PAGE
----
Last week, I had the huge privilege of attending the ‘Concert for Caring – a celebration of carers and caring’ in Glasgow. I must admit Mr #WhoseShoes raised his eyebrows when I announced that I was going over 300 miles north … for one evening.
I didn’t know quite what to expect but knew that, with 1300 carers in the audience, this celebration was going to be very special and indeed emotional. It would also be a chance to meet Tommy Whitelaw, the man who has campaigned tirelessly to share the story of isolation and loneliness, as he cared for and sought support for his beloved late mother Joan, who was living with dementia. I have followed his progress, collecting carers’ stories and sharing them with Scottish Government – making a difference. I could only imagine how he must feel seeing this huge vibrant audience united in celebrating care.
I looked around the audience and wondered what their stories were. What had brought each of them here? How many were still caring for loved ones and no doubt had had to make really special arrangements to be there at all? This is always a very tricky tension, and one that Tommy would be the first person to acknowledge; the irony that in arranging any event for carers, the most isolated and most lonely carers are frequently unable to attend. They cannot leave those they care for and get the chance to do something special: a much needed bit of ‘me’ time to re-charge batteries running permanently on empty.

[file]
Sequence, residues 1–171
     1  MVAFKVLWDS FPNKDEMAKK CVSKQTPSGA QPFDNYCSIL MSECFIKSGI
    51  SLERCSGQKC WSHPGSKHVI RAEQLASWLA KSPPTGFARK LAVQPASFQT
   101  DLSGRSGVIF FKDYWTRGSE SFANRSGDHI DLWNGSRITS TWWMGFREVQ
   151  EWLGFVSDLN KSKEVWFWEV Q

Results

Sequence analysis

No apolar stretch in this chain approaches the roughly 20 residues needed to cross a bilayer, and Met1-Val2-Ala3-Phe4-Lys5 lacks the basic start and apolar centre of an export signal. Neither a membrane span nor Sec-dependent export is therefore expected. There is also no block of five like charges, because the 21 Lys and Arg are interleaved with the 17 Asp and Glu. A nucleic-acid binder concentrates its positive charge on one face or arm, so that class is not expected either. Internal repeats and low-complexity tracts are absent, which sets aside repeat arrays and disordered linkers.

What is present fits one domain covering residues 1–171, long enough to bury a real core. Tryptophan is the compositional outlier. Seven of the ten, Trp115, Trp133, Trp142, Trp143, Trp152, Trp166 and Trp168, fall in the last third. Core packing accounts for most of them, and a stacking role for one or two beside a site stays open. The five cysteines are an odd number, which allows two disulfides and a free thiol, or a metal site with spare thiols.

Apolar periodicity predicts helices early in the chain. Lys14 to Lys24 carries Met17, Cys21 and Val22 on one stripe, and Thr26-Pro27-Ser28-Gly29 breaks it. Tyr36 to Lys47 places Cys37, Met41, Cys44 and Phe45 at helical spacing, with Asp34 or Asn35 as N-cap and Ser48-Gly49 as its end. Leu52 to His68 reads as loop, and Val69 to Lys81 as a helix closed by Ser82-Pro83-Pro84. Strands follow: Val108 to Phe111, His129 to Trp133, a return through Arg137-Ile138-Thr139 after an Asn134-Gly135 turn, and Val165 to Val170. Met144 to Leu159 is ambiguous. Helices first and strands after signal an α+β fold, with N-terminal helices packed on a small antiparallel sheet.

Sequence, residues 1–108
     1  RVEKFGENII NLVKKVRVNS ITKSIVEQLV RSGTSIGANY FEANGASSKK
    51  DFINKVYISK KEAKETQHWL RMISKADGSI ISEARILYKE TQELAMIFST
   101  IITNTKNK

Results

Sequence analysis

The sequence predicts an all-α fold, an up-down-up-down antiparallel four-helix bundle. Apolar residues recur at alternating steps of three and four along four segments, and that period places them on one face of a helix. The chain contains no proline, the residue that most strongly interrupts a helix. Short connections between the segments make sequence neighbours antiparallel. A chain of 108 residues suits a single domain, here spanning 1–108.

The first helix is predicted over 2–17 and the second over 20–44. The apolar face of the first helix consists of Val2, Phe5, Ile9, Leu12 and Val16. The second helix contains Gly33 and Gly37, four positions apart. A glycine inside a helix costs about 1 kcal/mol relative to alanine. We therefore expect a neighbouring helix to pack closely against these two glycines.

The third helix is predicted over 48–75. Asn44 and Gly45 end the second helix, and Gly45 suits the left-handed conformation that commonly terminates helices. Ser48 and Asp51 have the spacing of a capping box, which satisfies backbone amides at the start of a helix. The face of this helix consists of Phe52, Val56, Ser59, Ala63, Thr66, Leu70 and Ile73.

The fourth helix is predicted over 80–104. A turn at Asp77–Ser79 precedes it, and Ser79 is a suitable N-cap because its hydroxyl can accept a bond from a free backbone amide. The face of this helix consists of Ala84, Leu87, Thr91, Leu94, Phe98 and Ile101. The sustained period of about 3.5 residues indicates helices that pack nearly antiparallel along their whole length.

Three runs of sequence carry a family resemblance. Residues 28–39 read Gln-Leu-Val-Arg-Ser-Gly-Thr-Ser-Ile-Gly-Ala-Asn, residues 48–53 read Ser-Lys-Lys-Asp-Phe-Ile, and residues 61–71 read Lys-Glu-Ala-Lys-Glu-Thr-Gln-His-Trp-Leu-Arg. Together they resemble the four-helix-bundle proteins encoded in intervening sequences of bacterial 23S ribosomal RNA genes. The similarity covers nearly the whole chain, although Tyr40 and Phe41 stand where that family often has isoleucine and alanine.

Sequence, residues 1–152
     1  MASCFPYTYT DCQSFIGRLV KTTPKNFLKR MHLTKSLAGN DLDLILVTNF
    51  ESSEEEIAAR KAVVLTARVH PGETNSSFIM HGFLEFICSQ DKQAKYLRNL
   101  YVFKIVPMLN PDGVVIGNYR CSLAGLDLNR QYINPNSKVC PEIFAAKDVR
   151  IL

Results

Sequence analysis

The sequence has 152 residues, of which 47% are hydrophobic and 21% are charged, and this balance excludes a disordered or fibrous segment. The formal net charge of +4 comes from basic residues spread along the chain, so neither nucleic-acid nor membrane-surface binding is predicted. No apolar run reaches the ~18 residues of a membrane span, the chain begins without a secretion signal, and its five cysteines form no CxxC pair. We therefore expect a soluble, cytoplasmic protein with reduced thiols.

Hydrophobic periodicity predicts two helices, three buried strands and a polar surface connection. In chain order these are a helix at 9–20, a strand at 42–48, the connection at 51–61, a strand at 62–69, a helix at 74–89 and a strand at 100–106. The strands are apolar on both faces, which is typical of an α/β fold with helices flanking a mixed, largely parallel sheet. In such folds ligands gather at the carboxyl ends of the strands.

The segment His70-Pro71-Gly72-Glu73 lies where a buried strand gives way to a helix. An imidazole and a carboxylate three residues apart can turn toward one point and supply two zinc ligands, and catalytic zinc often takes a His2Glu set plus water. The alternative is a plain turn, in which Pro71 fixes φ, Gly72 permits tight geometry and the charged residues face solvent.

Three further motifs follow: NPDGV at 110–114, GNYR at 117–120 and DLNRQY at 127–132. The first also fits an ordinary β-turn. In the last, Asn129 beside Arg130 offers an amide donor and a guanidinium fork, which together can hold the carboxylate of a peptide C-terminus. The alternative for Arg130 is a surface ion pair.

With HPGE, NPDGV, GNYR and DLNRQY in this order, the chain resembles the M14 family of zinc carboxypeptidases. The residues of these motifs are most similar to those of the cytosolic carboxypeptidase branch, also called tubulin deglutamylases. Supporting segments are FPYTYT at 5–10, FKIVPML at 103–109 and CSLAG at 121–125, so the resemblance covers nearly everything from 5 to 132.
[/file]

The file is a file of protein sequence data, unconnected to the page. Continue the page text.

My own thoughts and feelings inevitably focused on my parents-in-law who, over a period of thirteen years, both died of dementia. And indeed my own dear Dad where, with Dad thankfully keeping his very sharp mind, we rode the roller coaster of eight heart attacks. Very different stories but all very personal and difficult in their own particular ways. I thought of the many happy times too, one of them captured in a little audioboo that I made for the Department of Health.
As the music of the concert played, I thought of Betty, my Mum-in-law, gradually coming out of her shell as I gently encouraged her to try new things after she became a widow, until she gained the nickname Betty Boogie. With hindsight, I think the early stages of dementia gave her permission to let go of some society-ingrained inhibitions. She and Howard had always loved Abba and I remembered her doing the Super Trooper actions with me, standing at an Abba Tribute Band concert at the Civic Hall in Bedworth. I thought of “I believe in angels” playing at both of their funerals. In my experience, it is always the details that trigger the most powerful and personal response.
I thought about all the different ‘in my shoes’ blogs in this series and the wealth of stories that people have kindly shared. I thought about how I have met and connected with all the contributors including, at a very early stage of his campaign, Tommy himself.